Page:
Skip to content
Main Menu
Utah Attorney General
Search
Attorney General
Sean D. Reyes
Utah Office of the Attorney General
Alerts
Close
Secondary Navigation

World Mental Health Day

October 10, 2019

Today, the Utah Attorney General’s Office observes World Mental Health Day to bring awareness about mental health and to recognize and acknowledge the need to advocate against the social stigma. With this year’s theme placing an emphasis on suicide prevention, we underscore that you are not alone. You are loved and you are greatly needed.

Mental health is prevalent among everyone from all walks of life. People of every race, gender, sexual orientation, age, or socioeconomic status are affected by mental health challenges. According to the Kem C. Gardener Policy Institute’s 2019 report on Utah’s Mental Health System, our country is in the midst of a mental health crisis with increasing suicide rates, untreated anxiety and depression, and a prevalence of serious mental illnesses. Utah has one of the highest rates of suicide in the country, where it is the leading cause of death for Utahns ages 10 to 24. Tragically, Utah ranks the lowest in the nation for mental health, with a higher prevalence of mental illness and lower rates of access to care.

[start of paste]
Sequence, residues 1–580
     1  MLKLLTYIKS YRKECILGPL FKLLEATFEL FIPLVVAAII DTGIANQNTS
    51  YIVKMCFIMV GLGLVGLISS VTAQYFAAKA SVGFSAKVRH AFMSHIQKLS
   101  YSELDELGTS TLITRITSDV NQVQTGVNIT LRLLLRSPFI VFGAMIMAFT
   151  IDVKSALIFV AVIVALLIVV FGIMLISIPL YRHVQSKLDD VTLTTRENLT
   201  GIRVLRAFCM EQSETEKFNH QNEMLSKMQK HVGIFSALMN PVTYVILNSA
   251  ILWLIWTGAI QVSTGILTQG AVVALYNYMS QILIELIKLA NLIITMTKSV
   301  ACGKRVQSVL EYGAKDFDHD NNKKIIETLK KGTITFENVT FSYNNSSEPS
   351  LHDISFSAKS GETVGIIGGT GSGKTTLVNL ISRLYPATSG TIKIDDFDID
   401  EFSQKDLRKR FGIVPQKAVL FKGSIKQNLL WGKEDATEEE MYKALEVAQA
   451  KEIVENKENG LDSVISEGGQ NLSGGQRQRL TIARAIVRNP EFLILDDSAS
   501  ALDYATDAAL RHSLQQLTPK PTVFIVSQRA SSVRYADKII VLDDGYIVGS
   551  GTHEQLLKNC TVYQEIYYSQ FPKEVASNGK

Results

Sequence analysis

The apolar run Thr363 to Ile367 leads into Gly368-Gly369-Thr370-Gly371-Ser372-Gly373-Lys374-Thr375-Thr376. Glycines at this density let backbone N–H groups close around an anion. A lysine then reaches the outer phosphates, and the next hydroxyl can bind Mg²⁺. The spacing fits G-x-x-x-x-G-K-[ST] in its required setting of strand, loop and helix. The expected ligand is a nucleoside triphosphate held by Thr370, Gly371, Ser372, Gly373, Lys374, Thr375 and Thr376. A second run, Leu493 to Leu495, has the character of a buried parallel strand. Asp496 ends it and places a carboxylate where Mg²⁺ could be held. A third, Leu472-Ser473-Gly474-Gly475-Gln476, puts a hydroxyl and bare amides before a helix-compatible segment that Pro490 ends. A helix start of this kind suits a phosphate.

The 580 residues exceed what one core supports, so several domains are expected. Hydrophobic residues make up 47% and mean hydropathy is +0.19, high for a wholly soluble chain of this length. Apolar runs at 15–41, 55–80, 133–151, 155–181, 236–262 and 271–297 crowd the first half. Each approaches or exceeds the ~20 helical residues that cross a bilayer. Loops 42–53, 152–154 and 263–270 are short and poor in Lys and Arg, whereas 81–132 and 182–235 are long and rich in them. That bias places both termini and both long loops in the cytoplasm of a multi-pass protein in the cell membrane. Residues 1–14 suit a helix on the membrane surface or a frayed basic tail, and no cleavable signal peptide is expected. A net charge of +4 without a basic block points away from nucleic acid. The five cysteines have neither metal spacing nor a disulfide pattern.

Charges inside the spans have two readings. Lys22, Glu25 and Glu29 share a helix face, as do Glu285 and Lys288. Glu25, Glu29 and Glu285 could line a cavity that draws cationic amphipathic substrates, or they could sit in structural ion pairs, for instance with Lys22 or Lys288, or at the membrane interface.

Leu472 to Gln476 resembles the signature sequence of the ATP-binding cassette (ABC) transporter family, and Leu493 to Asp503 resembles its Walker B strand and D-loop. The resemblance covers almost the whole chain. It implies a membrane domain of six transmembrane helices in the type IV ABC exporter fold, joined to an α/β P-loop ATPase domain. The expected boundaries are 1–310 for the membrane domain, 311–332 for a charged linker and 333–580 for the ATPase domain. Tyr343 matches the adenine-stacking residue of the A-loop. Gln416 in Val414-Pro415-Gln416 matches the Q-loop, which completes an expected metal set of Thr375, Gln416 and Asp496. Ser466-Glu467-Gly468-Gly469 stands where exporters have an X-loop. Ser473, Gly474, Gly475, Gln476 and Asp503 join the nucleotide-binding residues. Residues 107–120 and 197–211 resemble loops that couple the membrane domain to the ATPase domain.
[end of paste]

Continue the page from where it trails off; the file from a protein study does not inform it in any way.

Unfortunately, despite the rising mental health crisis, the social stigma against mental illnesses remains a consistent presence. Ending the stigma is complex and will not happen overnight. While treatment and support are available for those that need it, the lines of communication must be open. The importance and inherent need for an open, understanding mind are more crucial than ever. The first step starts with listening to understand and simply be there for those around you.

For World Mental Health Day, we urge you to listen when someone reaches out to you. We urge you to have those important conversations about mental illness and educate yourself on what mental health is and then help teach others. Additionally, we urge you to be kind to those around you. Everyone is juggling a lot in their lives, whether it be stress, disappointment, grief, or pain, and all those things can add up quickly. Speak and act with kindness.

If you or someone you know is struggling, it is okay to get help. Doctors, counselors, and agencies are there for you with available resources and training. Call the National Suicide Prevention Lifeline at 1-800-273-TALK (8255), text the Crisis Text Line (text HELLO to 741741), or message a trained crisis counselor through the SafeUT app. These support lines are available 24/7, 365 days a year.

Site SettingsSettings